CA School District Announces It's Doing Round-The-Clock Monitoring Of Its 13,000 Students' Social Media Activities The Glendale School District in California is facing some backlash from the recent news that it has retained the services of Geo Listening to track its students' social media activity. The rationale behind the program is (of course) the students' safety. After collecting information from students' posts on social media platforms such as Facebook, Instagram, YouTube and Twitter, Geo Listening will provide Glendale school officials with a daily report that categorizes posts by their frequency and how they relate to cyber-bullying, harm, hate, despair, substance abuse, vandalism and truancy.Glendale Unified, which piloted the service at Hoover, Glendale and Crescenta Valley high schools last year, will pay the company $40,500 to monitor posts made by about 13,000 middle school and high school students at eight Glendale schools. Glendale Unified Supt. Dick Sheehan said the service gives the district another opportunity to "go above and beyond" when dealing with students' safety."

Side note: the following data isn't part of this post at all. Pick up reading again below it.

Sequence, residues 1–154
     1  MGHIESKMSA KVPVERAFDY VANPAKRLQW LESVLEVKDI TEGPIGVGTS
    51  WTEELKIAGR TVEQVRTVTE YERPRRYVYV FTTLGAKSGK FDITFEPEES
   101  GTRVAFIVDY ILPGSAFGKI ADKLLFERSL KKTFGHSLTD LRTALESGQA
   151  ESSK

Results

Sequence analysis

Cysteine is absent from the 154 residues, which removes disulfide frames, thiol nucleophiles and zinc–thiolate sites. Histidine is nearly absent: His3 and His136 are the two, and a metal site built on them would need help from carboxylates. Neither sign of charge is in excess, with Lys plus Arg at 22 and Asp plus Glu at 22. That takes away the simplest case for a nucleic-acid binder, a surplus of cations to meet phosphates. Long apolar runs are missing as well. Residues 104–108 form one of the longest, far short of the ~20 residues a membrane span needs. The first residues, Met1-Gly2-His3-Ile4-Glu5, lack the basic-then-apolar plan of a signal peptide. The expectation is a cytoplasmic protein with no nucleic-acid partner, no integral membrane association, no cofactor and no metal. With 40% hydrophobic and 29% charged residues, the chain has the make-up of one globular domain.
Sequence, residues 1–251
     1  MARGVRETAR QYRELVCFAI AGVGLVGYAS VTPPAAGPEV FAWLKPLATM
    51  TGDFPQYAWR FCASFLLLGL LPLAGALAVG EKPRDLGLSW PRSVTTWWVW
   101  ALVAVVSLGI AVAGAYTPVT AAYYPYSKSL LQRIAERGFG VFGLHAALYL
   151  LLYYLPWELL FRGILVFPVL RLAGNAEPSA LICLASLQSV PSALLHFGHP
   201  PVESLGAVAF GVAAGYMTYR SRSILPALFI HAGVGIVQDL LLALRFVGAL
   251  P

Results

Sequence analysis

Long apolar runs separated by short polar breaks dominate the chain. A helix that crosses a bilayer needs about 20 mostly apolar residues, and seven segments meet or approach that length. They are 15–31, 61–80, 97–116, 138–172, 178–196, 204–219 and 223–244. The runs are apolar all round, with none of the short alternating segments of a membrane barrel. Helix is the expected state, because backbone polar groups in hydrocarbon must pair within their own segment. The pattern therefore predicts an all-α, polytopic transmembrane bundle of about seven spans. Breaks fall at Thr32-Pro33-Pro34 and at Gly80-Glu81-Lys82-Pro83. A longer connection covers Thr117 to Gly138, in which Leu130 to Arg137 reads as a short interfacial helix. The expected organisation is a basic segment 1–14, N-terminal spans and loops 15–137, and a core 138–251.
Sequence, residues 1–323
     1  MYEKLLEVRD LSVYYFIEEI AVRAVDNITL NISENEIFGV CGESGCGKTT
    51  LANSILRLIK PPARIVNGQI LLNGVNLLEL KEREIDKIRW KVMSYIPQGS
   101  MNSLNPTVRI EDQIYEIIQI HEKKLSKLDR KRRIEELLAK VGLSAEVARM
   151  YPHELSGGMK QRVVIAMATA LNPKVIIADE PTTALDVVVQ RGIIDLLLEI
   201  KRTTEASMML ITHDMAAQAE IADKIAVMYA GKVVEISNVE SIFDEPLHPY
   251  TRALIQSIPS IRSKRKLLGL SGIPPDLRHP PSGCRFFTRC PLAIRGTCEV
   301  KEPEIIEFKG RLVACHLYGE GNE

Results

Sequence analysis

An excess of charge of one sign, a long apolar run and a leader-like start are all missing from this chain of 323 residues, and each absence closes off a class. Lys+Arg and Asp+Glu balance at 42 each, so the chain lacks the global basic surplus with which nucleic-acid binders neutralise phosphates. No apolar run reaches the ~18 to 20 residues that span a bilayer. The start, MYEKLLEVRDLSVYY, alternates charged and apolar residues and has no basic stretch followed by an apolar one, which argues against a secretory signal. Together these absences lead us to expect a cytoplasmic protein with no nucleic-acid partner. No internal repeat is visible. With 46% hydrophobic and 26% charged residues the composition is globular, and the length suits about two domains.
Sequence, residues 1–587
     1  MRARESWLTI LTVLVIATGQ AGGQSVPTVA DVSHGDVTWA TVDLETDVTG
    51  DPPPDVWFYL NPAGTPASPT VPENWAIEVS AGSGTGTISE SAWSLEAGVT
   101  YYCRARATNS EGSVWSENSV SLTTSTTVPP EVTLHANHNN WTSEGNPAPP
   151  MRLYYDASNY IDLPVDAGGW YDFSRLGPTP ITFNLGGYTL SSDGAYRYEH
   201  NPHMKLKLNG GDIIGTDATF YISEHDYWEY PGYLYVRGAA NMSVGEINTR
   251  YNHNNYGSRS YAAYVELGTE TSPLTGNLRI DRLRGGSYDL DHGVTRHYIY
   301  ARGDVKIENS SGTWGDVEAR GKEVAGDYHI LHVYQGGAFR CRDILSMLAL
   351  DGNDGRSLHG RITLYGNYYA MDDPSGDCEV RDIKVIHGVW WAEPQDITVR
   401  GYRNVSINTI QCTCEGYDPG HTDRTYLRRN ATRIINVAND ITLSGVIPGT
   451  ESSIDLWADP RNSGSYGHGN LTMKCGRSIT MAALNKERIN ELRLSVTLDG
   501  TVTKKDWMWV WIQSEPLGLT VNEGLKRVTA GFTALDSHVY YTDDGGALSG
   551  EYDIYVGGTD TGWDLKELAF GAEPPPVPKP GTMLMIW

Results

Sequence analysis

» Judge Napolitano: First Patriot To Shoot Down A Government Spy Drone Will Be A Hero Alex Jones Blasts illegal use of “plastic drones” to spy on Americans in their backyards Steve Watson Infowars.com May 16, 2012 Judge Andrew Napolitano has warned Congress not to act “like potted plants” regarding the increased use of unmanned surveillance drones without warrants over US skies by military, government, and law enforcement agencies. Echoing the recent comments of his Fox News colleague Charles Krauthammer, Napolitano also said that “The first American patriot that shoots down one of these drones that comes too close to his children in his backyard will be an American hero.” The federal government is rolling out new rules on the use of the unmanned drones this week, with the Federal Aviation Administration announcing procedures will “streamline” the process through which government agencies, including local law enforcement, receive licenses to operate the aircraft. Steve Watson is the London based writer and editor for Alex Jones’ Infowars.net, and Prisonplanet.com. Print this page.